“There is little hope for this one, so I wouldn’t want to take the team now for the next month, only to fail in qualifications and then be done once again as the coach,” stated Waldrum. “[…] It may make more sense to have someone local take the team through this qualification, and then bring me on board after that is over.”
There was a caveat though.
“As for the timing, I’d look at this right away as you are in need immediately,” said Waldrum.
Before their first full training session in North Carolina, Cooper read excerpts from Waldrum’s letter to the players. And, according to multiple sources, he allegedly said Waldrum abandoned the team and the players should be ashamed for begging him to return at Cooper’s expense.
“Everybody’s mind was blown,” said Cordner. “He didn’t read the entire email; but he read part and then said ‘Randy has no hope for allyuh and want allyuh to fail’ and ‘the same man who allyuh want to coach allyuh wishing for allyuh to fail’.
“We knew that couldn’t be the whole story and we just thought how can you throw the man under the bus just like that?!”
Cooper declined Wired868’s request for comment. However, Corneal and James confirmed that the head coach did read excerpts of the letter to the squad.
James declined comment on Cooper’s recital, the non-selection of Hutchinson and Cordner’s refusal to play. But she did confess that the tour had been a draining experience for everyone.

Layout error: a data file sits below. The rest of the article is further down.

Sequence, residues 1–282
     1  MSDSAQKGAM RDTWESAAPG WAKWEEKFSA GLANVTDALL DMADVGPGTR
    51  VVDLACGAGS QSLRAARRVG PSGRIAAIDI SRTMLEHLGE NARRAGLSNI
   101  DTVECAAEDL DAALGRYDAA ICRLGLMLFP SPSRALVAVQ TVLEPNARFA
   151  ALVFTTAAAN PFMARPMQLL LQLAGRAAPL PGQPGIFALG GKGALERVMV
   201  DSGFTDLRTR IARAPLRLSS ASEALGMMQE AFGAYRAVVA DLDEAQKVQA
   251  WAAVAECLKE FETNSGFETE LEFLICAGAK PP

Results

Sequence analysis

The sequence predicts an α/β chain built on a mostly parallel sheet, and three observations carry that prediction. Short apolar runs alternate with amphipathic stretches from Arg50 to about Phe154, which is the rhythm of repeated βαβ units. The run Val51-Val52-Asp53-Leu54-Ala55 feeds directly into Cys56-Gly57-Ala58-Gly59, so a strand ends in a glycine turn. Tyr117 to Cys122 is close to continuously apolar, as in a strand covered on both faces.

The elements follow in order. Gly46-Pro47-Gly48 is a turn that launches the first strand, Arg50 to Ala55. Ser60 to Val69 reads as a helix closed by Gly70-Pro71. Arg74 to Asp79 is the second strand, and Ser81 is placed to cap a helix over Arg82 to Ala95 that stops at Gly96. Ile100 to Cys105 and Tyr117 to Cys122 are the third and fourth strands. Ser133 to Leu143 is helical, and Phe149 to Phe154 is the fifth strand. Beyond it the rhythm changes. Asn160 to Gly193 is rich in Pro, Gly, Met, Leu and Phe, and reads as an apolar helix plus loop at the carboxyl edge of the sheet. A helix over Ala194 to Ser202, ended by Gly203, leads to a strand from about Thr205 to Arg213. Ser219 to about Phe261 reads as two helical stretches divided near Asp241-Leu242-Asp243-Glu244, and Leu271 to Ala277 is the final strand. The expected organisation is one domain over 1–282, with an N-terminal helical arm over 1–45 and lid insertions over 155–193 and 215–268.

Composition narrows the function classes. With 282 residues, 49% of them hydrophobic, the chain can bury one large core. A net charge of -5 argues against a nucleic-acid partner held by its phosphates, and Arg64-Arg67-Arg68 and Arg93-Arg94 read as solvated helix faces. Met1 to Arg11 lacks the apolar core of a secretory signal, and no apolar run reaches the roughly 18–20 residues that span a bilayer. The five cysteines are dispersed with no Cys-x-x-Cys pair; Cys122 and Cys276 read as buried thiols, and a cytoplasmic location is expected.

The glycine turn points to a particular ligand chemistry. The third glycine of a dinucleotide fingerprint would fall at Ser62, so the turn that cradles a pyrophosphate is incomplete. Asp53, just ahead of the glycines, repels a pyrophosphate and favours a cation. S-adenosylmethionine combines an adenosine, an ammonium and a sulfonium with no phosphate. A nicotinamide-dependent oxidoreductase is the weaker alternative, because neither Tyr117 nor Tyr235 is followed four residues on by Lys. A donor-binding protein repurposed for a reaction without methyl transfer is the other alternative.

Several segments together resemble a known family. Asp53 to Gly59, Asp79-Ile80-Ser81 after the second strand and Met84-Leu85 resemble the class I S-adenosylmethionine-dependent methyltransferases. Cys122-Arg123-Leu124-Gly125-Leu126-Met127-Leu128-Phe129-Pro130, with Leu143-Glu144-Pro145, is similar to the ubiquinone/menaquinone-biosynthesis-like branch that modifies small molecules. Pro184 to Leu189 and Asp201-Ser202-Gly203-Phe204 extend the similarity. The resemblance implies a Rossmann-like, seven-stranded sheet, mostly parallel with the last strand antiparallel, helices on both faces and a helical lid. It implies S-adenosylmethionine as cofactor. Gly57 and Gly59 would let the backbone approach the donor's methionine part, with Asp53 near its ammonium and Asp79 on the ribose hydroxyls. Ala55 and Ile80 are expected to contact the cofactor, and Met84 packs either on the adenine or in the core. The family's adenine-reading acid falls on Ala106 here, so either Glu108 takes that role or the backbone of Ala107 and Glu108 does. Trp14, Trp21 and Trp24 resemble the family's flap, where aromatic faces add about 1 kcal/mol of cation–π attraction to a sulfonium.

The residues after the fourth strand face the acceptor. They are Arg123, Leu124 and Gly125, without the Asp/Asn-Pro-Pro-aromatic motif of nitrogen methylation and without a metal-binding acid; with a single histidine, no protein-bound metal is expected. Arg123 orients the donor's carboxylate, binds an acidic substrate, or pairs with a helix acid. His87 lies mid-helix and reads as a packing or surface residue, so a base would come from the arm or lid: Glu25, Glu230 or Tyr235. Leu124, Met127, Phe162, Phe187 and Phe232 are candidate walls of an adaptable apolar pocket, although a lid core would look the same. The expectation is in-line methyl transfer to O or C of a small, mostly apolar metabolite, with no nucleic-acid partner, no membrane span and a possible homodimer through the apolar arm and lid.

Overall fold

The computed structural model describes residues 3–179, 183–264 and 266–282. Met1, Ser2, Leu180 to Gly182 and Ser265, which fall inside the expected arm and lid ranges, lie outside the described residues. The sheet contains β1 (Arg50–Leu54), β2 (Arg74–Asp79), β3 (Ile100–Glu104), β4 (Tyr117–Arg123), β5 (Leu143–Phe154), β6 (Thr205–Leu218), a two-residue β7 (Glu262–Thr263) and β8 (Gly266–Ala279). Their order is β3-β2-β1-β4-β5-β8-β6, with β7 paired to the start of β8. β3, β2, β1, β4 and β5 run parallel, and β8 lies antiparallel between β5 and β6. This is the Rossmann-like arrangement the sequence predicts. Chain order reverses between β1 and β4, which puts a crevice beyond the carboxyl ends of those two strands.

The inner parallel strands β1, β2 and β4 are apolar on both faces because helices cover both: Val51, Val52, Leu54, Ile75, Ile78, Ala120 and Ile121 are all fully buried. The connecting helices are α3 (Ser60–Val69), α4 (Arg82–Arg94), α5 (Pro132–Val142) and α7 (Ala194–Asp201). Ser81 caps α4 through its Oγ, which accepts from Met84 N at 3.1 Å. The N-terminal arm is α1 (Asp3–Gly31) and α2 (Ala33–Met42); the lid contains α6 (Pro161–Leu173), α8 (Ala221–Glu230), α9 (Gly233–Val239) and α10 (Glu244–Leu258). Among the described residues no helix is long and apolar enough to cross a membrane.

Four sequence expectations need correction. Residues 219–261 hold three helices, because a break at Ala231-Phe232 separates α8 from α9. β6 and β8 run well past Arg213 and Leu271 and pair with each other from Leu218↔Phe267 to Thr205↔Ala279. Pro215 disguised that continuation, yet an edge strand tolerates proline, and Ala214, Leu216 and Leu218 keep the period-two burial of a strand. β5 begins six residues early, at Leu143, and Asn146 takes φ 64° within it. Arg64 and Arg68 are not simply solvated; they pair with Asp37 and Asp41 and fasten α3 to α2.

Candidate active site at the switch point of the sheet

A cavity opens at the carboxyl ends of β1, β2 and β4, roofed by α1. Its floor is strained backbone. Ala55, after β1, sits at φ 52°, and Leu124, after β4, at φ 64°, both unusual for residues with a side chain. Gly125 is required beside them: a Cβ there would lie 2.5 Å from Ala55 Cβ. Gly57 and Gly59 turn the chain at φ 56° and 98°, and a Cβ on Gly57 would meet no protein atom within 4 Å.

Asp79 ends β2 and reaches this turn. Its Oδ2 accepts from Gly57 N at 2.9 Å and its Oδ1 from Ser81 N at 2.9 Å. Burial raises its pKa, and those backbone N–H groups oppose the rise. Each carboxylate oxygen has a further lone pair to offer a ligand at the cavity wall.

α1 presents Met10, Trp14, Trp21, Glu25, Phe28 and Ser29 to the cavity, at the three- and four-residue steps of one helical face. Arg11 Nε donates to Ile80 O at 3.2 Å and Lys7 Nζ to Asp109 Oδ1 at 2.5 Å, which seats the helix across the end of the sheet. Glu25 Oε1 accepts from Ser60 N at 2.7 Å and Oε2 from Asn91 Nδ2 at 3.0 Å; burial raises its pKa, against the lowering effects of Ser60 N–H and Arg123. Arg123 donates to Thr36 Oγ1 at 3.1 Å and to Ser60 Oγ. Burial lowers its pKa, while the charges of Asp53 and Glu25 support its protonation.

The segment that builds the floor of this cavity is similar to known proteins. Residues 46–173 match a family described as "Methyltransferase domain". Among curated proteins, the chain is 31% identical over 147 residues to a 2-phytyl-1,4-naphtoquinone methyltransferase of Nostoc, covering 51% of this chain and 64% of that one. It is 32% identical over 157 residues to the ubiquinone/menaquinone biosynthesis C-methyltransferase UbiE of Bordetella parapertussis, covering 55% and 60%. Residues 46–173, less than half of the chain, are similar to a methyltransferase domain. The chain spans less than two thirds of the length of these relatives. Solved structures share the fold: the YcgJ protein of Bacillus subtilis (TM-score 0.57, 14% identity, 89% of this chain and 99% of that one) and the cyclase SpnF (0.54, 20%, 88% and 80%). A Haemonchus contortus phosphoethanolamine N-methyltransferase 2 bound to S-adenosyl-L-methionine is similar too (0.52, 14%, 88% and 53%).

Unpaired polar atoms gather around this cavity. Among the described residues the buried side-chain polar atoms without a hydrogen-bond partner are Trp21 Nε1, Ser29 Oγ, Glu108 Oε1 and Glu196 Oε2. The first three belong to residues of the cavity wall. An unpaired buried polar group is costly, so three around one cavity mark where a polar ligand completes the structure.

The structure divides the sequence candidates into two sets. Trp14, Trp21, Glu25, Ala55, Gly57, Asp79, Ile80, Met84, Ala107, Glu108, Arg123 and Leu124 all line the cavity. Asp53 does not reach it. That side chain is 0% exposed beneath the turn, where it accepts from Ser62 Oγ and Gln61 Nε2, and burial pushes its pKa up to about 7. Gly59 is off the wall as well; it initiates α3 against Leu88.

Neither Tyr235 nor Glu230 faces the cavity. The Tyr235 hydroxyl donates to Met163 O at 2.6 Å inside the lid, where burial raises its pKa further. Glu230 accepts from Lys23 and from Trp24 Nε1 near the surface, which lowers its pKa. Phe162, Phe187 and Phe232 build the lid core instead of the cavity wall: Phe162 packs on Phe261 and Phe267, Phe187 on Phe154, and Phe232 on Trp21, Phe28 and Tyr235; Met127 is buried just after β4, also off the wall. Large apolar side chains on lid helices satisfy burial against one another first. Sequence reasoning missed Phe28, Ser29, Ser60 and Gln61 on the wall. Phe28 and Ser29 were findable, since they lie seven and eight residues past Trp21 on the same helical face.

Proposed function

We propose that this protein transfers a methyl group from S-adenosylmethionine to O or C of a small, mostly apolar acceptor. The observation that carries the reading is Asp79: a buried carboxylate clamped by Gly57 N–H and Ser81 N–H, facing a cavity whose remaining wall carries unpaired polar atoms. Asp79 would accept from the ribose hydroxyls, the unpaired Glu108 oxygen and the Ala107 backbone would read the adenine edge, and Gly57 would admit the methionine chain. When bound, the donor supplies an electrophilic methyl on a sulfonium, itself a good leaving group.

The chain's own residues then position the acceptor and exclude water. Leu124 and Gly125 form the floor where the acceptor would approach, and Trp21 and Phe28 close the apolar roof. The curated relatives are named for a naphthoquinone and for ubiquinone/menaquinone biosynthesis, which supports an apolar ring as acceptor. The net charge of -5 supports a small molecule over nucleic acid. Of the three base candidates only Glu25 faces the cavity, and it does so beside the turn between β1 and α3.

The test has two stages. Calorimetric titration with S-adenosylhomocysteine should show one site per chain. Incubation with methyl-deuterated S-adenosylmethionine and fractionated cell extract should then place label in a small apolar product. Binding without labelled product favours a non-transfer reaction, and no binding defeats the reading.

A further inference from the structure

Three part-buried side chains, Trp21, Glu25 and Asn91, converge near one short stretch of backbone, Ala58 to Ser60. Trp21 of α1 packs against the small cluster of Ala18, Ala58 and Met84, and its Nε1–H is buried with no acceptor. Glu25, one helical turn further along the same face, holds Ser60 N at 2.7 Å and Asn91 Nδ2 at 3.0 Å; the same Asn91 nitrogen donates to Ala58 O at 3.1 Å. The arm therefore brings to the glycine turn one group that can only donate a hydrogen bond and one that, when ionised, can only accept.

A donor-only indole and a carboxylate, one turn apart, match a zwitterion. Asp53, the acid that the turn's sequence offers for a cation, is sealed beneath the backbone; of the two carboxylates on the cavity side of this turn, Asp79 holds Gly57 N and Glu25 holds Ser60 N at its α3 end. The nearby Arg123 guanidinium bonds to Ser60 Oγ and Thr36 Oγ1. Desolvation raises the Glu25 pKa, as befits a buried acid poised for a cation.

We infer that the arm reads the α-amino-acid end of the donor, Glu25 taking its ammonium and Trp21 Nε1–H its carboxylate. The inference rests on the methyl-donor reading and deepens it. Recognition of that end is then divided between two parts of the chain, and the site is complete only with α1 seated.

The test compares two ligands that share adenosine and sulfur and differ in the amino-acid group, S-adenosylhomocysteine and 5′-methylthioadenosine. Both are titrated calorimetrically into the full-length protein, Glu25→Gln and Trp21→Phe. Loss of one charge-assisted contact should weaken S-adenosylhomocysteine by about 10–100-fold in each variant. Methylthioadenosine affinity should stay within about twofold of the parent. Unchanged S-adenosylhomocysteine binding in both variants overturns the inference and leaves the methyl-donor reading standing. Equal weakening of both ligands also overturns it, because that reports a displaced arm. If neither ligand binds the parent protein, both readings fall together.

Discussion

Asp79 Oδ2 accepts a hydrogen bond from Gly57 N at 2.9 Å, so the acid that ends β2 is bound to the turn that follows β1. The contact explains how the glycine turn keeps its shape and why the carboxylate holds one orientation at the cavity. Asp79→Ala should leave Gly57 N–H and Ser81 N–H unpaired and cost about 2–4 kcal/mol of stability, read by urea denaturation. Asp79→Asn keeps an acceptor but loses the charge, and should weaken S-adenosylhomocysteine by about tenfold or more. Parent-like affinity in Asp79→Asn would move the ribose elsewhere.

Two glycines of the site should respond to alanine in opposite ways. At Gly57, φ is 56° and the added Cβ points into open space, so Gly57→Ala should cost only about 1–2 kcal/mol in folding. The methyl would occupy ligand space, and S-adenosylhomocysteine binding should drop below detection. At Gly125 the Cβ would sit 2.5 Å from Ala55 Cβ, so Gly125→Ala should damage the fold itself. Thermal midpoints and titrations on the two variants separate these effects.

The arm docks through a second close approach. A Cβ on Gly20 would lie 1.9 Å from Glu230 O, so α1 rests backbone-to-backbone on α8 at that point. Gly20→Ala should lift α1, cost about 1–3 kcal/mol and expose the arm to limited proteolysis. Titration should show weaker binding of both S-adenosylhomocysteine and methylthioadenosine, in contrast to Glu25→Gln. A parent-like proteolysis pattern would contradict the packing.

The Women Warriors threatened not to play at all against Mexico, due to the non-payment of stipends by the TTFA, only to change their minds after a players’ meeting.
“I think we were already placed in a tough group and the setbacks we experienced in the week before really dampened the spirits of the players,” said James. “Although throughout they showed a brave face and tried to give of their best, deep down I’m sure they felt like the battle was already lost before the war even started.”
Corneal told Wired868 that he joined the team hours after Cooper read from Waldrum’s letter.
“I read Randy’s letter and I have my opinion on how I view the whole situation but that will come out when I am ready,” said the technical director, who initiated legal action against the TTFA last month over breach of contract and non-payment of salaries. “You see what our coaches have to go through and I do not know how fair it is…”
Corneal insisted that only Cooper, as head coach, could explain the omission of Attin-Johnson and his reluctance to use Hutchinson. However, his opinion is that Hutchinson was merely usurped by a talented teenager with a bright future, Shadi Cecily Stoute.